Lastly, there is a Himalayan dinner section and also an entire Nepali menu. Unfortunately, we haven’t done much experimentation with these dishes yet, but hope to soon. Like I said earlier, we have never had a bad meal here, so I can only assume all the dishes offered by HB are not only delicious, but traditional to their roots as well. If you like or love Indian food, this place is not to be missed! And if you are tight on cash… head there for the lunch buffet, so you can try many dishes at an affordable price.

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Malai Kofta Recipe (courtesy of http://www.indianfoodforever.com/)

For the Kofta:
1 1/2 lb. potatoes
2 heaped tbsp each of crumbled paneer,khoya and thick malai (you can substitute this with baked ricotta cheese and heavy cream)
4-5 cashewnuts chopped
1 tbsp raisins
2-3 finely chopped green chillies
1/4 tsp sugar
1 tsp coriander powder
1 tsp cumin powder
1 tsp red-chilli powder
1/2 tsp cardammom powder
Salt To Taste
3 tbsp cooking oil/ghee (clarified butter)Oil for frying the koftas
For the gravy:
2 medium onions,chopped
3 flakes garlic,crushed
1 inch ginger,crushed
3 large tomatoes,pureed
1 tsp red-chilli powder
1/2 tsp garam masala powder
1/2 tsp dhania(corainder) powder
1/2 tsp cumin powder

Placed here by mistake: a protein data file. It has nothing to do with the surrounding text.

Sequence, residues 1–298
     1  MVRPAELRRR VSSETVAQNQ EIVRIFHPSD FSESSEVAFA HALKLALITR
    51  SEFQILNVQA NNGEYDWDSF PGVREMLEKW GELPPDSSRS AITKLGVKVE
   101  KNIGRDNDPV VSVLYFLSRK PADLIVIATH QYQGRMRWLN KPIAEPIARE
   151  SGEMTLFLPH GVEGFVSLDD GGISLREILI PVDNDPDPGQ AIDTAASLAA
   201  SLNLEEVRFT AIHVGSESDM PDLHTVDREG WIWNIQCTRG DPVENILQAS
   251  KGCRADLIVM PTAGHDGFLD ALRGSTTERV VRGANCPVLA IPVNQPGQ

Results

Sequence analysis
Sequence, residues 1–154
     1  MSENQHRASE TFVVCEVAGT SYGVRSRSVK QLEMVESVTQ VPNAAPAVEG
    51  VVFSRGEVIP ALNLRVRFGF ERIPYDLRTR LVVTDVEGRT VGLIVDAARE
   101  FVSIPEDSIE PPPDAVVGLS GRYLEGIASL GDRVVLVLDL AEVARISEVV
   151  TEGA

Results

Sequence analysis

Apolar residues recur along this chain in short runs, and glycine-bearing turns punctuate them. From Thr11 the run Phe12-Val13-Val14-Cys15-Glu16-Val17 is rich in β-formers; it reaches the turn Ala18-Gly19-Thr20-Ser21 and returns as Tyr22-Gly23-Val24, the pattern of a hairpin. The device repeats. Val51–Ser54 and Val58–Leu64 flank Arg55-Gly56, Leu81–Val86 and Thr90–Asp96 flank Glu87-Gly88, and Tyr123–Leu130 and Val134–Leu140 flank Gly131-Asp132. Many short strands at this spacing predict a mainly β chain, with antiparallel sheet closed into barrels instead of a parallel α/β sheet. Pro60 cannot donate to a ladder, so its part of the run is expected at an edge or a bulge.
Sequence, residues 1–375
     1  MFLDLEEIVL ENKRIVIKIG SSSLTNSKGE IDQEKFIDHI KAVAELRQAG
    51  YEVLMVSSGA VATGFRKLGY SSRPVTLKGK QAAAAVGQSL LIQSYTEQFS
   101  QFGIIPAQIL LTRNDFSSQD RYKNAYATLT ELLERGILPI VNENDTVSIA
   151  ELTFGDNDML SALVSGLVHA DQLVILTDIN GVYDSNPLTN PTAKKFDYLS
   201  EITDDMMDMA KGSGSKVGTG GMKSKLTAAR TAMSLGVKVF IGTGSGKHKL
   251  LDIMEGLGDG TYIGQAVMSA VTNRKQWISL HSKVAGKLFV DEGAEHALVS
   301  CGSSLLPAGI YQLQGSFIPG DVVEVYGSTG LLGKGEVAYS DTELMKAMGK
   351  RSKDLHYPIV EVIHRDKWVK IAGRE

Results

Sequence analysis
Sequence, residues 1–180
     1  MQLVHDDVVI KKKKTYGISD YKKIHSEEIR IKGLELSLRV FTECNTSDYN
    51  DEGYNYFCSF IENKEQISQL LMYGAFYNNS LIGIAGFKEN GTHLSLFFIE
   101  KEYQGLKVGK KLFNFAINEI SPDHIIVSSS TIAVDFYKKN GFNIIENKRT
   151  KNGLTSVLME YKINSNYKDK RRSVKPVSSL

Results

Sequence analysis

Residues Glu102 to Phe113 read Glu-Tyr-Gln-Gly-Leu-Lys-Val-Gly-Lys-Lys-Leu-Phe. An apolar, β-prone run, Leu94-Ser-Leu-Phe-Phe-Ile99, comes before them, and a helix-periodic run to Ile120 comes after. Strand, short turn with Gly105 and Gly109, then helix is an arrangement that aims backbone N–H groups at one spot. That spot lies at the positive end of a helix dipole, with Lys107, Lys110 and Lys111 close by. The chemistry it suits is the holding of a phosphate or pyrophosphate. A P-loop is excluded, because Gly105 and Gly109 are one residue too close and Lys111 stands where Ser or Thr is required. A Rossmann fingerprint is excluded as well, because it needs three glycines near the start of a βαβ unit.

2 tsp powdered poppy seeds
1/2 tsp sugar
1 tbsp ground peanuts/cashewnuts

How to make malai koftha :
Boil the potatoes till tender. Peel, mash and add salt to taste. Keep aside.

Mix all the other ingredients for the kofta into a paste. Make rounds of the potato dough and place a little of the prepared mixture in the center of each round. Seal the edges and shape into stuffed rounds. Deep fry each kofta till golden brown. Drain and keep aside.

Blend together the onions, ginger, garlic and the poppy seeds and fry in 3 tbsp of oil till brown and the oil begins to seperate. Add the pureed tomatoes and the masala powders. Add the sugar and the ground peanuts. The gravy will begin to thicken. You can also add some malai to thicken it some more. Mix in some water if necessary. When the gravy comes to a boil, add the koftas. Heat through and serve the malai kofta.

Note: In this malai kofta receipe , the koftas should be put in just before eating the dish or else they will turn soggy.

minilogo Hmmm... where can I get really GOOD soft and mushy food?

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3 Comments to “Hmmm… where can I get really GOOD soft and mushy food?”

  1. Lily VS says:

    Oh Brace-Face I feel for you!!!

    Four years of brace tightening under my own belt and I still wince when I think of it.

    My mom used to make me carrots and potatoes – stewed until really soft. Sometimes flavored with a little curry, or with a side of her delicious red wine gravy. Sometimes I just ate strained yogurt and jam.

    But you could use this time to review the best hot fudge sundaes in Boston… :)

  2. Tammy says:

    Thanks Lily! I appreciate it!

    Yes, I was thinking of doing a list of my favorite ice cream joints and/or flavors as part of my March Madness blog challenge!

  3. I wish much more people would write blogs like this that are really fun to read. With all the fluff floating about on the web, it is rare to study a weblog like yours instead.